March 23, 2017 / 7:29 PM / in 5 months

SEC charges two Israeli residents with Mobileye insider trading

The U.S. Securities and Exchange Commission logo adorns an office door at the SEC headquarters in Washington, June 24, 2011.Jonathan Ernst

NEW YORK (Reuters) - Two Israeli residents have been charged by the U.S. Securities and Exchange Commission with insider trading in Mobileye NV before the maker of sensors and cameras for driverless vehicles agreed to be acquired by Intel Corp for $15.3 billion.

According to a complaint filed on Thursday in U.S. District Court in Manhattan, Ariel Darvasi and Amir Waldman made "remarkably timed" purchases of Mobileye shares and call options prior to the March 13 merger announcement.

The SEC said the purchases resulted in about $427,000 of profit for Darvasi and $4.5 million for Waldman, after the announcement caused shares of Jerusalem-based Mobileye to rise 28.2 percent in one day.

According to the SEC, both defendants were connected to Mobileye insiders through the scientific academic community at the Hebrew University of Jerusalem, which developed Mobileye technology and produced at least 11 Mobileye directors and officers.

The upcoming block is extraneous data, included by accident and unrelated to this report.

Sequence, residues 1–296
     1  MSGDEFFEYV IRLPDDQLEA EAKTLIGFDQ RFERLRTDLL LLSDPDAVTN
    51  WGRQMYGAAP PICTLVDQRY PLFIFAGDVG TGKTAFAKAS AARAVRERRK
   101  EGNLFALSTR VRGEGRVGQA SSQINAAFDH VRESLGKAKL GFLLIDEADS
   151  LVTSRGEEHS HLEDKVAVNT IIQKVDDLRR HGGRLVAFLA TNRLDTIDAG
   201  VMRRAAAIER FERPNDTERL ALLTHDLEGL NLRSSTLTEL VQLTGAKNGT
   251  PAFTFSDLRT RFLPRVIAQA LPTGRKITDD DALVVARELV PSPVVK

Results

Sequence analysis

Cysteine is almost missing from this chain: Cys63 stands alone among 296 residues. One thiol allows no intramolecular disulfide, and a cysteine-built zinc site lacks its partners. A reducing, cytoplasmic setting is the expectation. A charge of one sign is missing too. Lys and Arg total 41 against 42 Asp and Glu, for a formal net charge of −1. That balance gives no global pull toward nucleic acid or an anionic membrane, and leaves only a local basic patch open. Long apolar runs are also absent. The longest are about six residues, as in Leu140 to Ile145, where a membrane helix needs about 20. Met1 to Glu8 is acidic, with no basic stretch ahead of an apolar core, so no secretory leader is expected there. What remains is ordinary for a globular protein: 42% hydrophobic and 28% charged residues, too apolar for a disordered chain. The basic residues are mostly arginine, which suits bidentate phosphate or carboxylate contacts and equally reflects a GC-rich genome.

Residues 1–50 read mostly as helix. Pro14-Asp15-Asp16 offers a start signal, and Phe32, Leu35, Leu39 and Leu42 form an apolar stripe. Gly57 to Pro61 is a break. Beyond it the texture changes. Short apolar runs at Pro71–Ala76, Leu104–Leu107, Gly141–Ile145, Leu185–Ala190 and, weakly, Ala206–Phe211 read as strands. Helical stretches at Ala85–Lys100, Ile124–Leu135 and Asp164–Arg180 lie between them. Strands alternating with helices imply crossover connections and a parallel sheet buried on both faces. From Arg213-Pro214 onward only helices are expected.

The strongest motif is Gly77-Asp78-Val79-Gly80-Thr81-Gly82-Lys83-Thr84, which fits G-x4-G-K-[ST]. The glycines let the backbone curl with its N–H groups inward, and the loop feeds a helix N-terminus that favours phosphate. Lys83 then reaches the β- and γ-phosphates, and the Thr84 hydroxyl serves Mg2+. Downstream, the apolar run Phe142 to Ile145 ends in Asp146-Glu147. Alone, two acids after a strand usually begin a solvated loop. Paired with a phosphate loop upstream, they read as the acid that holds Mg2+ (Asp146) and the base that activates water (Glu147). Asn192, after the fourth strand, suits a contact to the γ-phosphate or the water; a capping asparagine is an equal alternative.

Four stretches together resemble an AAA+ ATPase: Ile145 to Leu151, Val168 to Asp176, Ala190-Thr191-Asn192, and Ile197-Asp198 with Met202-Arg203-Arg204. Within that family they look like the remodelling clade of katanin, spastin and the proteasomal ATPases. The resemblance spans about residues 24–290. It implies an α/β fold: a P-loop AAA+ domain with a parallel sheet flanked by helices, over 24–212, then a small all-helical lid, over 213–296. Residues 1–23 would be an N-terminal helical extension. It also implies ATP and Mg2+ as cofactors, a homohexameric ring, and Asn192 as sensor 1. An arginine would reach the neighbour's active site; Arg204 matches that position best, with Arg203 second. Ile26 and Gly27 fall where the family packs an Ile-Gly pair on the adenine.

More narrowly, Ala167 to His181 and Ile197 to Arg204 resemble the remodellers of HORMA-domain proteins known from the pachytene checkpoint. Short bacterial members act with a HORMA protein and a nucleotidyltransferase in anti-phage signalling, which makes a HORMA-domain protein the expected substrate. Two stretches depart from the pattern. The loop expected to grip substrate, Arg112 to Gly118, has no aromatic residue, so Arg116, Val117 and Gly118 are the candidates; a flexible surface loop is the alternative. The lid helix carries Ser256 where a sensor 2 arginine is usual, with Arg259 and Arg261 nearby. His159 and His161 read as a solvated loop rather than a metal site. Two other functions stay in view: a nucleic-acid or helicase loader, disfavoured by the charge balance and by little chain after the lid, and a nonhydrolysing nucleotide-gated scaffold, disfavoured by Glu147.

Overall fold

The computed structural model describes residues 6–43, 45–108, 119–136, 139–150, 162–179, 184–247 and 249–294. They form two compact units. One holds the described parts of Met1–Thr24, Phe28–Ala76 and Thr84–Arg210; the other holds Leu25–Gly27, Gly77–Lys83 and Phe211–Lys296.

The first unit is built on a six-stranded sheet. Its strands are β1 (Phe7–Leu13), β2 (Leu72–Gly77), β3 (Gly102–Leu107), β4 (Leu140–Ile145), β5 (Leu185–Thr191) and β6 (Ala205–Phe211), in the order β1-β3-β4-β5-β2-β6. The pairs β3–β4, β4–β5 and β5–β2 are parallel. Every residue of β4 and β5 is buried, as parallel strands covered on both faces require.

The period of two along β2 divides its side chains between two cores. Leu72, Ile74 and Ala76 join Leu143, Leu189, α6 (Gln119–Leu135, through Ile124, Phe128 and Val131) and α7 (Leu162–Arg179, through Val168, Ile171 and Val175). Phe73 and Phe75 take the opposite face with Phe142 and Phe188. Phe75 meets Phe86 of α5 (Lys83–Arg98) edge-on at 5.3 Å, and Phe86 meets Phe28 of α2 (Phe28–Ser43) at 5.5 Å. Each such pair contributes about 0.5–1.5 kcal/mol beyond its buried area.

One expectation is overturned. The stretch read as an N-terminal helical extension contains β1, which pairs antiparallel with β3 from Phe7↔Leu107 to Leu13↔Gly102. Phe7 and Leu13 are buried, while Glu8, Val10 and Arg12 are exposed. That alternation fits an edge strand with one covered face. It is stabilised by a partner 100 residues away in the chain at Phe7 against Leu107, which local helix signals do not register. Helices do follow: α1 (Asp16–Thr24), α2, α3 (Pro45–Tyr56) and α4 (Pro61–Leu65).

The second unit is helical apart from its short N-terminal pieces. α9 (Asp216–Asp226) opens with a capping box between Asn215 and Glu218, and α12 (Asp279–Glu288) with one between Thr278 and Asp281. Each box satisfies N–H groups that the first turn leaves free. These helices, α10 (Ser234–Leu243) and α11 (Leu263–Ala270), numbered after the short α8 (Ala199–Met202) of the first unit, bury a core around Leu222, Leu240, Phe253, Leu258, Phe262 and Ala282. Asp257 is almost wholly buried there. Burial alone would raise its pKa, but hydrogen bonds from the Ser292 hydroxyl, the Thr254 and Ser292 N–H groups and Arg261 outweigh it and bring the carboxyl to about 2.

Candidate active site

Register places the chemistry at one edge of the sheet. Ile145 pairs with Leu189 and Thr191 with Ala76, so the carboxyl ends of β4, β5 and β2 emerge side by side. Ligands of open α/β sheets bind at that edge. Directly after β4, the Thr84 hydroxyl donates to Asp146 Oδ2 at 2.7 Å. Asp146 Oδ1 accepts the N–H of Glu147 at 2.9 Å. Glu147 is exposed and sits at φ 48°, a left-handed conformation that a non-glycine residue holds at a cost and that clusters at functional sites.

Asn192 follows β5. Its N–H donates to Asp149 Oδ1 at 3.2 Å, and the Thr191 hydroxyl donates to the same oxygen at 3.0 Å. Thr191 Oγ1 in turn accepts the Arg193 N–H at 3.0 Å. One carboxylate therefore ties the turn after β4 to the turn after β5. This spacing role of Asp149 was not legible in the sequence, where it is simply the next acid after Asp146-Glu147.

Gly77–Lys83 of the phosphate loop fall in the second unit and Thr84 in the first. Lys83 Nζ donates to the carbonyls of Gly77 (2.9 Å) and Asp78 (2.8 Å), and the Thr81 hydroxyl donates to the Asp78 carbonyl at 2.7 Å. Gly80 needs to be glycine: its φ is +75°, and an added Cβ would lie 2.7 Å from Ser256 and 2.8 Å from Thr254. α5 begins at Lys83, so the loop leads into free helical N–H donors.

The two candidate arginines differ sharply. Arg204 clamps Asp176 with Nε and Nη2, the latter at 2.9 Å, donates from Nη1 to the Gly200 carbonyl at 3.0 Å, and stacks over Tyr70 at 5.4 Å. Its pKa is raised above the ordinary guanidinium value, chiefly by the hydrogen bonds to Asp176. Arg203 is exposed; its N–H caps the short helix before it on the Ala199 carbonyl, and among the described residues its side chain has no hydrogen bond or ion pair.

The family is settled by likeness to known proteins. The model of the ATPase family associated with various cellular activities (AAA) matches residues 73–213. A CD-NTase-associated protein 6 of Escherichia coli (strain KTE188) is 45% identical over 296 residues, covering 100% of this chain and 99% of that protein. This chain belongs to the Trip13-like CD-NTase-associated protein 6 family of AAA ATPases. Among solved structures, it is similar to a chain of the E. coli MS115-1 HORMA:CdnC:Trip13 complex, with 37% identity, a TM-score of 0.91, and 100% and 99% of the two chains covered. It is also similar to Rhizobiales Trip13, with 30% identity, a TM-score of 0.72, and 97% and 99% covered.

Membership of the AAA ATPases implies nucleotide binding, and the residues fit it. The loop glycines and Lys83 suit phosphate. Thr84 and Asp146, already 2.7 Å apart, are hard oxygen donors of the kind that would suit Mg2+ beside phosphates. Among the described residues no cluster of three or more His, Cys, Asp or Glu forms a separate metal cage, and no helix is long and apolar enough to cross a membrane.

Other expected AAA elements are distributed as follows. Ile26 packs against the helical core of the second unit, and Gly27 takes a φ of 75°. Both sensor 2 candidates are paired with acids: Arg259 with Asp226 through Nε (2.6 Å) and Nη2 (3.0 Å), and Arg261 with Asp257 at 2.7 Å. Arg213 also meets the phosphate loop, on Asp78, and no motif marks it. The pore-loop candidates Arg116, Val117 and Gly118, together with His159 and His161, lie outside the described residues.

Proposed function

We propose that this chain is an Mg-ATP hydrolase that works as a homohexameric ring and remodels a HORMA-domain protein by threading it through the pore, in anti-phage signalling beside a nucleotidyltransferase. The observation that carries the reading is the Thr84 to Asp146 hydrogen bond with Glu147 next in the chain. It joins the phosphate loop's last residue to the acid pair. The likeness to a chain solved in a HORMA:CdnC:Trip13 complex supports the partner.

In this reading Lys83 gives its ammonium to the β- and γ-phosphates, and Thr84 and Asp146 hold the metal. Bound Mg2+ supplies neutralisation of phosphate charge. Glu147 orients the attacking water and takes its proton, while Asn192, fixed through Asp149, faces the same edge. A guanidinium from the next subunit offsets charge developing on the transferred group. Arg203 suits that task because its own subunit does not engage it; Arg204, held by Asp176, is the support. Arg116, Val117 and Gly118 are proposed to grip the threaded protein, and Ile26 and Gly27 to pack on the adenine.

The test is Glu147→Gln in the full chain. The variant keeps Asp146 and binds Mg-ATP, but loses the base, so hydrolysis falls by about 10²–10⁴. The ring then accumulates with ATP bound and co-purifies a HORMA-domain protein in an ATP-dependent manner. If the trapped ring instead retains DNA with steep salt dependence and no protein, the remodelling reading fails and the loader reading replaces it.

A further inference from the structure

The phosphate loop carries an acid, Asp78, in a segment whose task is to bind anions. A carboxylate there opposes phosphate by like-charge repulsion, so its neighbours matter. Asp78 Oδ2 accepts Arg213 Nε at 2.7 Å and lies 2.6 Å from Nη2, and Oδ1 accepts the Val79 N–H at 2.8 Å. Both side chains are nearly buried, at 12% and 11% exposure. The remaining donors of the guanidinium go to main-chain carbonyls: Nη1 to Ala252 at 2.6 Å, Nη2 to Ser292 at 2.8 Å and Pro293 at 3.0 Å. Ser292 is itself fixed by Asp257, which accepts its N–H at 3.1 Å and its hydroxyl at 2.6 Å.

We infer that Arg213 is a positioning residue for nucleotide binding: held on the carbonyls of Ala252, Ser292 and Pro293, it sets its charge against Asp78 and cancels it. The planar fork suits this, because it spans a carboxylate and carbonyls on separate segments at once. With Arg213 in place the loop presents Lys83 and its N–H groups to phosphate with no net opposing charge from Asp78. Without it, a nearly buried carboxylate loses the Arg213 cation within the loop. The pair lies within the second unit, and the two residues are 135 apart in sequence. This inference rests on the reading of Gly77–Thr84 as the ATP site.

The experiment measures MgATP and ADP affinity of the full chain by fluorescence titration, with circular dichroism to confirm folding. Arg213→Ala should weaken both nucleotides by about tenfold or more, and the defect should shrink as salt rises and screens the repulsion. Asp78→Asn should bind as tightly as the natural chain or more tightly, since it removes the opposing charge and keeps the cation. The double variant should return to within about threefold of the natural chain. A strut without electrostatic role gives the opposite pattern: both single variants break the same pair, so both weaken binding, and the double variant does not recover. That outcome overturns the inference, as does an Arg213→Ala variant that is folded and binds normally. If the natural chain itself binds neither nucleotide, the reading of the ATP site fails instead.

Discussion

Darvasi, of Mevasseret Zion, Israel, is a genetics professor at the university, while Waldman, of Yarqona, Israel, is a self-employed engineer, the SEC said.

It was unclear whether Darvasi and Waldman have hired lawyers. Darvasi did not immediately respond to an email request for comment after normal business hours in Israel. Waldman could not immediately be reached for comment.

Neither Mobileye nor Santa Clara, California-based Intel was accused of wrongdoing. Mobileye did not immediately respond to requests for comment. Intel declined to comment.

Reuters obtained a filed copy of the complaint, which was not immediately available in online court records.

U.S. District Judge Richard Berman in Manhattan on Thursday temporarily froze the defendants' assets in two accounts at Interactive Brokers LLC, finding "a basis to infer" they violated U.S. insider trading laws, court records show.

The SEC said Waldman conducted most of his Mobileye trading in the six weeks before the merger was announced, starting on the day Intel and Mobileye signed a non-disclosure agreement, and generated a 1,883 percent return.

Darvasi began buying Mobileye stock on March 2 after selling 40,000 shares of Teva Pharmaceutical Industries Ltd, the only securities in his account, the SEC said.

The case is SEC v Darvasi et al, U.S. District Court, Southern District of New York, No. 17-02088.

Reporting by Jonathan Stempel in New York; Additional reporting by Ankur Banerjee in Bengaluru; Editing by Dan Grebler and Leslie Adler

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